Not a fan of boring gym workouts? You can take up jogging or brisk walking or just set aside some time for yoga. Exercise is a good kind of distraction — it lets your mind and body take a breather from daily worries and improves your mood afterward. Plus, it tires you out in a good way so you get a good night’s sleep — and sleep is one of the first things that stress interferes with.
The American Heart Association (AHA) recommends getting 2 hours and 30 minutes of exercise every week. If you don’t have the time, you can just go for 30-minute workouts 4 times a week.
2. Eat right.
Another way to reduce stress is to make healthy dietary choices. For example, if you’re feeling particularly frazzled at work, take time out for a tea (instead of coffee) break. It has a much lower caffeine content than coffee, so you get the energy boost sans the crash. Plus, tea contains powerful antioxidants that counteract free radical damage caused by stress.
Other healthy, stress-busting foods include:
- Green leafy veggies – They contain folate, a mineral that aids in the production of dopamine, the pleasure-inducing hormone that helps you feel calmer and happier.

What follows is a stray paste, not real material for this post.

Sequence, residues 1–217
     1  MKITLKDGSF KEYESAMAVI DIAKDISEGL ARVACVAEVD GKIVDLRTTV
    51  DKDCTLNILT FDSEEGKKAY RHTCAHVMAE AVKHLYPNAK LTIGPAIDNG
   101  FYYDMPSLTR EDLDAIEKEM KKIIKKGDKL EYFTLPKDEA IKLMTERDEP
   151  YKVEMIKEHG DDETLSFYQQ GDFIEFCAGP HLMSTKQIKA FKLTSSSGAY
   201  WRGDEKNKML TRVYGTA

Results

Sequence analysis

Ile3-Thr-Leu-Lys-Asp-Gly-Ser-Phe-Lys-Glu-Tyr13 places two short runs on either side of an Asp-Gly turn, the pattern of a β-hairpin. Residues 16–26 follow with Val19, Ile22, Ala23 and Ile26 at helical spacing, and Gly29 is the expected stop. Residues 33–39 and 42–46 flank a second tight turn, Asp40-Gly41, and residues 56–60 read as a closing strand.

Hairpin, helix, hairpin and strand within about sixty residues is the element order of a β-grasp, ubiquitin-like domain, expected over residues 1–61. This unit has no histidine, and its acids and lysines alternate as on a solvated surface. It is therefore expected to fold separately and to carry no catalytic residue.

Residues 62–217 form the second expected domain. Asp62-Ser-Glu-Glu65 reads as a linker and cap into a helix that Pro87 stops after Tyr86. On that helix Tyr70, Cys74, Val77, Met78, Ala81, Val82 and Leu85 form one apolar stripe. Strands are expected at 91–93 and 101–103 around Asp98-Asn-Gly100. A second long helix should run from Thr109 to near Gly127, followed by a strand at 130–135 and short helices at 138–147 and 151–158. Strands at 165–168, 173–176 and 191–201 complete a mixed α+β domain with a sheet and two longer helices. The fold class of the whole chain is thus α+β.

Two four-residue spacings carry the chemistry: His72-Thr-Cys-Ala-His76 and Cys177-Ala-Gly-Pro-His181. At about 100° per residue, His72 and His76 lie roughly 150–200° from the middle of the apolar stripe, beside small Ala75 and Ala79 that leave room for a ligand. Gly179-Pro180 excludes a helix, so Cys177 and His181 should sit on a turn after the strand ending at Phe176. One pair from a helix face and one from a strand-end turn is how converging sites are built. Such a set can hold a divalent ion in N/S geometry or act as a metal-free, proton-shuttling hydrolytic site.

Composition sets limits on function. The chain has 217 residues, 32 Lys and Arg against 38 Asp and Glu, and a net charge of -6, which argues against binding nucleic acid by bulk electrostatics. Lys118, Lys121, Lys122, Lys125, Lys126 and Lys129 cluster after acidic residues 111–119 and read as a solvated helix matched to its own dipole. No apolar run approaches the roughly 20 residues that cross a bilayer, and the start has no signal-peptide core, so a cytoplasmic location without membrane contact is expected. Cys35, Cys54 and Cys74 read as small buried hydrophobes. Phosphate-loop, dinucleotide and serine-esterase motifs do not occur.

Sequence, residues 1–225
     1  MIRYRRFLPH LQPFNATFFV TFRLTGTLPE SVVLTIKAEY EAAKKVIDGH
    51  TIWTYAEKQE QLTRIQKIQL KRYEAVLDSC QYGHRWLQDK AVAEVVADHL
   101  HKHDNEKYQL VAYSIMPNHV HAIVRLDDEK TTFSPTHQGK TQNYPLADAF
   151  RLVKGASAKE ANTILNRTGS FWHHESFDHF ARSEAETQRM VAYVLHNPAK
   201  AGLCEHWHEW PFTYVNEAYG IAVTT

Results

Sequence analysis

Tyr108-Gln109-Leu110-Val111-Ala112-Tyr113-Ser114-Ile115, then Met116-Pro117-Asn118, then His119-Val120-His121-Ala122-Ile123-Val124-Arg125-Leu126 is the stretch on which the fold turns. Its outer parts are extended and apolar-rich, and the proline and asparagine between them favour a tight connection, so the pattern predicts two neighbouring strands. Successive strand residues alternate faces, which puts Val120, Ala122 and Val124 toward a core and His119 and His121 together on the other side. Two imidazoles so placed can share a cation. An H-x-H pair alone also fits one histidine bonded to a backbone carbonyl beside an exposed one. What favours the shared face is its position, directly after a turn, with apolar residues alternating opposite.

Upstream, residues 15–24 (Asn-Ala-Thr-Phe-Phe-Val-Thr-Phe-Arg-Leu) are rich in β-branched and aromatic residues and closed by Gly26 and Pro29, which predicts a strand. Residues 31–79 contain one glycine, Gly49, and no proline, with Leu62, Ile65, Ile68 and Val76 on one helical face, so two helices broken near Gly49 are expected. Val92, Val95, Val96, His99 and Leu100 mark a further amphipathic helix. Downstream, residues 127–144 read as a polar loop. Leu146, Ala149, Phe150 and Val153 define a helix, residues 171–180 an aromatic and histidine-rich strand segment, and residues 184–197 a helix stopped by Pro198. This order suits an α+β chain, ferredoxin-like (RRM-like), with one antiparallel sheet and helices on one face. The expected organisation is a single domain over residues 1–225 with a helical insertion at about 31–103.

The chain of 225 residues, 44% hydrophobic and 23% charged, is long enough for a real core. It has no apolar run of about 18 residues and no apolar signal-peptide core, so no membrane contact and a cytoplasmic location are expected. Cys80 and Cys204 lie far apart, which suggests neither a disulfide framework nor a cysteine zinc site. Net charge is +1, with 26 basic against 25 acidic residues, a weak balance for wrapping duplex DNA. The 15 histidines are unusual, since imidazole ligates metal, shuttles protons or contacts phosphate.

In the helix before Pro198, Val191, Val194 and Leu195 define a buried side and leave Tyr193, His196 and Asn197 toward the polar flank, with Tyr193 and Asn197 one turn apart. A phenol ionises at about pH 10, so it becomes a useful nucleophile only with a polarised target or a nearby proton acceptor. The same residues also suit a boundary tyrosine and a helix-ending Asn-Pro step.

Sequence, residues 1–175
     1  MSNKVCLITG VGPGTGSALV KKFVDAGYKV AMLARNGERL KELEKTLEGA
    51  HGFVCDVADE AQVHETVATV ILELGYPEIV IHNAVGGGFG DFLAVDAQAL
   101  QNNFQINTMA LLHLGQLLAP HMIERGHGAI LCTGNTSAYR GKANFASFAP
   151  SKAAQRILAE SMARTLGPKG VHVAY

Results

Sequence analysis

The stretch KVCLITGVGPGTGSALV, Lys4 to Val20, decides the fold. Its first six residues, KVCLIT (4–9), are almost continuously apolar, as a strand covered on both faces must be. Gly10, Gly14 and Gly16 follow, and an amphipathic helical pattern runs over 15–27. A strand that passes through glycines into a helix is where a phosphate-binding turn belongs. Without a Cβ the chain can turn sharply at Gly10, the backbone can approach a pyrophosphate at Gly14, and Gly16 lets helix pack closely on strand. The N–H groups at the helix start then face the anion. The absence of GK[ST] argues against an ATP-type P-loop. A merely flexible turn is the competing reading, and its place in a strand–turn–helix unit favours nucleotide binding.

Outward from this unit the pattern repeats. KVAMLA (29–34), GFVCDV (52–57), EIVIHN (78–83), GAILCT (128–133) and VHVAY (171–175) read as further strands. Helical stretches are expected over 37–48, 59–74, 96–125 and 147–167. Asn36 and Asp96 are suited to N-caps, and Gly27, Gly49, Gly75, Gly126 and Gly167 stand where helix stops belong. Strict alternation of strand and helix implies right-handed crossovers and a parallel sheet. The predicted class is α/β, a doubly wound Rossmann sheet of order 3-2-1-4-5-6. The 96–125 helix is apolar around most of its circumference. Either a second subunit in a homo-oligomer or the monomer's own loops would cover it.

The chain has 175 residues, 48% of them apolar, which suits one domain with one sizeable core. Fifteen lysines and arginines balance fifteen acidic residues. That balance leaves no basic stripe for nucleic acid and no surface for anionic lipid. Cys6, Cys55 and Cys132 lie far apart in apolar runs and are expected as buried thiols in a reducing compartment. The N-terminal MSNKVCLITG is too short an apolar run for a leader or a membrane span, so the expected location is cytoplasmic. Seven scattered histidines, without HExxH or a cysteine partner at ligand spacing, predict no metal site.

- Oatmeal – It contains complex carbs needed in the production of serotonin, a hormone associated with depression and anxiety. Swap your sugary sweets for this healthy carb instead.
- Fatty fish – Salmon and other fatty fish are rich sources of omega-3 fatty acids, which have anti-inflammatory properties to counteract the effects of stress on the body.
- Blueberries – These fruits are also loaded with potent antioxidants to fight off stress-induced toxins and strengthen your immune system.
3. Take a deep breath.
In fact, take LOTS of deep breaths. Deep breathing sends signals to your brain to relax and slow down. It increases and improves blood circulation in the body and stimulates the parasympathetic nervous system to promote a sense of calm.
So the next time you’re about to pitch an idea to your hard-to-please boss or meet up with a difficult client, prep yourself with some deep breathing exercises. You’ll notice a significant decrease in your anxiety levels and feel a surge of confidence.